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Focus: Global Supply Chain and Logistics

Our Weekly Feature Article on Topics Related to Global SupplyChain Logistics

From SCDigest's On-Target e-Magazine

March 16 , 2011


Global Supply Chain News: Looking Ahead, Drewry Says Large Gap Coming Between Ocean Shipping Demand and Capacity

2013 will See Balance Definitely Swing to Carriers, with Rates Rising 10%; Will Maersk Strategy Pay Off?

SCDigest Editorial Staff


While some believe in 2011 that the leverage will swing back to shippers and importers after ocean carriers enjoyed generally banner bottom lines in 2010, 2013 looks to be another great year for carriers as demand growth will outstrip capacity additions by a near record margin. Shippers be warned.

According to analysts at Drewry Shipping Consultants, that change in supply-demand balance will naturally also lead to a strong growth in ocean shipping rates, which it expects to rise 10% in 2013.

SCDigest Says:

Container capacity will advance 8.2% in 2011, the same as in 2010, before growth slows to 6.5% in 2012, Drewry predicts.
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This is despite the fact that many ocean carriers have aggressively starting to add capacity back, after significant cut backs during the economic downturn.

That capacity addition is led by ocean shipping giant Maersk, who recently announced it was upping the megaship ante and then some when it recently announced that it had placed an order for 10 new cargo ships capable of handling 18,000 twenty-foot-equivalent units (TEUs). That is a substantial increase from the 15,000 or so TEU vessels that came to market just in the past few years and that were themselves consider astonishing giants by shippers and carriers alike. (See Megaship Era Enters New Period as Maersk Places Order for 10 18,000-TEU Ships.)

Maersk is expected to start receiving these new ships on 2013.

Nevertheless, Drewry says the tide will turn that year strongly in the carriers' favor.

In fact, for Maersk, “The timing was optimal,” Maersk Container Shipping CEO Eivind Kolding recently said in an interview in Copenhagen. “Many other container lines have difficulties placing new orders at present as they’re still under some financial pressure after the crisis."

Maersk Line saw huge profits in 2010.

Kolding added that “We need orders of this size. Our target is first of all to maintain our market share. But our ambition over time is also to grow it. We have the advantage of the group’s strong balance sheet and our good funding options which enable us to act now.”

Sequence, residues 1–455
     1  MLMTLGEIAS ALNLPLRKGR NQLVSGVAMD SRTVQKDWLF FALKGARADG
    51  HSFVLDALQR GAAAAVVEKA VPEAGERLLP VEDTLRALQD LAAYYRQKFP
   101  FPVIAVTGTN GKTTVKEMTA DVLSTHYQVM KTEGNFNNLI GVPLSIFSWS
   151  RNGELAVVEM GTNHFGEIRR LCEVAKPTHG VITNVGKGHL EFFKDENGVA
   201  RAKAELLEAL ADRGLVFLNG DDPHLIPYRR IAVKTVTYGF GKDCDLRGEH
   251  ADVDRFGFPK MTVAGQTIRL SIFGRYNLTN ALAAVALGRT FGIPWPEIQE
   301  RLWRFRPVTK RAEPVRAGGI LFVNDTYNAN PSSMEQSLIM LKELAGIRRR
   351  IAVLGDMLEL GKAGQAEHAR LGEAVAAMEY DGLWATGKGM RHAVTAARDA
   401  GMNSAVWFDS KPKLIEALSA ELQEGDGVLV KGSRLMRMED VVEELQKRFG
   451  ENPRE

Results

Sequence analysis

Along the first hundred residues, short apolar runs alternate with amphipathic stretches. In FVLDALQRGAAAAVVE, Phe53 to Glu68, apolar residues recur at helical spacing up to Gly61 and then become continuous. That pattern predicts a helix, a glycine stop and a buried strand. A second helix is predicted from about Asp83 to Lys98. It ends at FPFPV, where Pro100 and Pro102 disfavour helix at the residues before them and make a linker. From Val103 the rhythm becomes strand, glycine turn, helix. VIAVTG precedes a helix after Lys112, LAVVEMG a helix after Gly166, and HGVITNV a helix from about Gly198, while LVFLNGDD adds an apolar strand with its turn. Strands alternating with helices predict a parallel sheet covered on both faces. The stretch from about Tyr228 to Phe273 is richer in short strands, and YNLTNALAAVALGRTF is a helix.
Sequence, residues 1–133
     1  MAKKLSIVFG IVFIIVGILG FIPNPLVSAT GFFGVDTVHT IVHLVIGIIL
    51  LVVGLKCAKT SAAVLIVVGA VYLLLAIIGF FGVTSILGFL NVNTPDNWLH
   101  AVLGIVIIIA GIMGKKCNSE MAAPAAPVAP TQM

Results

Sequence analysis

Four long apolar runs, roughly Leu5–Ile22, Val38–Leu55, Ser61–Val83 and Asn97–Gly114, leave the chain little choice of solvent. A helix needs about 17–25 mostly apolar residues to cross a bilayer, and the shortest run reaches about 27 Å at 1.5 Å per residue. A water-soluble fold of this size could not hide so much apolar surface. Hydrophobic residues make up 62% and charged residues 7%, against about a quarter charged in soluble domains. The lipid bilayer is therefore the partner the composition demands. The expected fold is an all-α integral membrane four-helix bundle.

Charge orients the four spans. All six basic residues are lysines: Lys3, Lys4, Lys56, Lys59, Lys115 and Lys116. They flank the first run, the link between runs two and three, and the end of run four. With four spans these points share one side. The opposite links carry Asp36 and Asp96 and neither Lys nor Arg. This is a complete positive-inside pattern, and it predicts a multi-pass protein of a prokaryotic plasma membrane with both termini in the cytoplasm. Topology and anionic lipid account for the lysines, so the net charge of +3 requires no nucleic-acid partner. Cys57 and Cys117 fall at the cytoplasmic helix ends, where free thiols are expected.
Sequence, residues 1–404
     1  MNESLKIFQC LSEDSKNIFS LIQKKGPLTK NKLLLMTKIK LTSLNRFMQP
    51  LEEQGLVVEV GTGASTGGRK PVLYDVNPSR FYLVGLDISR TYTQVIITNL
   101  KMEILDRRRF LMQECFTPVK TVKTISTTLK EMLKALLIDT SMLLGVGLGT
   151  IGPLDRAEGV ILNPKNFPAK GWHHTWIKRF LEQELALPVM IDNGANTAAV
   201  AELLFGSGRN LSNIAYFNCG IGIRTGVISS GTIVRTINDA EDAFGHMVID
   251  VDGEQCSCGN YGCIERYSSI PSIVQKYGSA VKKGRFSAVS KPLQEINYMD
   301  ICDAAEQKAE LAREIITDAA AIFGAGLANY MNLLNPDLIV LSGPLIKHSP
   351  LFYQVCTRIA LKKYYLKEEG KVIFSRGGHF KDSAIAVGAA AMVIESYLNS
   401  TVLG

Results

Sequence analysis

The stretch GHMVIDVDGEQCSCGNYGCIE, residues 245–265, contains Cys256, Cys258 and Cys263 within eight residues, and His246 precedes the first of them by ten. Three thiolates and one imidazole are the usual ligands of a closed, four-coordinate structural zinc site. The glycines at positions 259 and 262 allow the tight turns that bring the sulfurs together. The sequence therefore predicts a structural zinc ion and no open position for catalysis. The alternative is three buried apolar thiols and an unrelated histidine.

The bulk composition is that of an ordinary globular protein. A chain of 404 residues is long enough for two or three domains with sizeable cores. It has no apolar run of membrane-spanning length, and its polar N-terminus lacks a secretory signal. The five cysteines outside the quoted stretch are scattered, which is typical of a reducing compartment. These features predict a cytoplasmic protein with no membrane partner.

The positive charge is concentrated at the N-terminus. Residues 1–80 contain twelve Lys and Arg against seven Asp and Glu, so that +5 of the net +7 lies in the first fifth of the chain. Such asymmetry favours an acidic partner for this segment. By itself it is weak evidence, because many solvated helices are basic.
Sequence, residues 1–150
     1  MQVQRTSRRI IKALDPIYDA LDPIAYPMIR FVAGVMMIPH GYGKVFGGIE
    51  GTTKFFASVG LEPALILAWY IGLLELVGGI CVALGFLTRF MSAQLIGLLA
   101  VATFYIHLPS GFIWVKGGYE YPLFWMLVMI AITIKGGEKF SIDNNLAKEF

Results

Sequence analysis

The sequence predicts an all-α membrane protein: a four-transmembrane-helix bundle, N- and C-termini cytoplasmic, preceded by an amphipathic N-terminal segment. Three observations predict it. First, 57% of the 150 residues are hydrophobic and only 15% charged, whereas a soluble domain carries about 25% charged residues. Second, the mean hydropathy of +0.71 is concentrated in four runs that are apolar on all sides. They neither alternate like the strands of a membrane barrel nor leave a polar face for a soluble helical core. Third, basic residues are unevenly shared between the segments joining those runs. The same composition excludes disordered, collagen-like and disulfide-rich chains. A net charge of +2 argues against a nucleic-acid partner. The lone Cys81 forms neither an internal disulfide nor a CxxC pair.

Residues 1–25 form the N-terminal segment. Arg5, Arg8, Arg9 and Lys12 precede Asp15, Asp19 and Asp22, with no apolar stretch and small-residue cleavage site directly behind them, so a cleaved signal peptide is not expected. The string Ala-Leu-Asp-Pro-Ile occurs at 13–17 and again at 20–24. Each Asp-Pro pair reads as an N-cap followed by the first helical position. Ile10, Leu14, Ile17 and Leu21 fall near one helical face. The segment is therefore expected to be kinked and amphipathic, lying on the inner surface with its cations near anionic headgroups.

He also believes this year will be a better one for shippers in terms of rates, predicting that prices will fall this year compared with 2010 as new tonnage enters the market and takes a few months to absorb.

"We’ll have reasonable rate levels throughout the year, but with a difficult start and a pickup in mid-2011,” he told Bloomberg.

Container capacity will advance 8.2% in 2011, the same as in 2010, before growth slows to 6.5% in 2012, Drewry predicts.


(Global Supply Chain Article Continued Below)



But ocean carriers are remaining cautious versus the years before the recession began.

Ship orders have dropped for the past three years and currently stand at 452, down from a peak of 1,245 in January 2008, according to Lloyds Register-Fairplay data.

Drewry predicts however that demand for container transport will increase 9% in 2013, while carrier capacity will grow by just 6.4%. Over the last decade a 2.6 percentage-point difference between demand and capacity growth would rank after only 2010, when shipping rebounded from the recession, and 2004, when Chinese exports surged.


The gap between supply and demand will be big enough for rates to go up at least 10%, even with Maersk’s big ships coming into the market,” Drewry's Philip Damas, “It should be a great year for container lines" - implying transport cost pressure on shippers and importers.

An executive at one large shipper told Bloomberg he thinks the Maersk strategy may actually lead to lower rates.

“I think it’s a very gutsy decision,” said the Bjorn Vang Jensen, vice president for global logistics at Stockholm-based Electrolux AB, who manages about 150,000 box shipments a year. “These megaships make container lines less flexible as they tie vessels to specific routes. In the end that almost inevitably leads to lower rates.”

“It’s not necessarily the bigger the better,” added Li Shaode, chairman of China Shipping Container Lines Co., the world’s 10th-biggest container line. “Bigger ships do help cut costs, but their usage depends on the market situation. We have our own strategies to compete, such as cost control, sailing speed control, increasing cooperation with clients and sharing routes.”

What do you think of Drewry's predictions? Do you think the Maersk mega-ship strategy will pay off for it or not? Let us know you thoughts at the Feedback button below.

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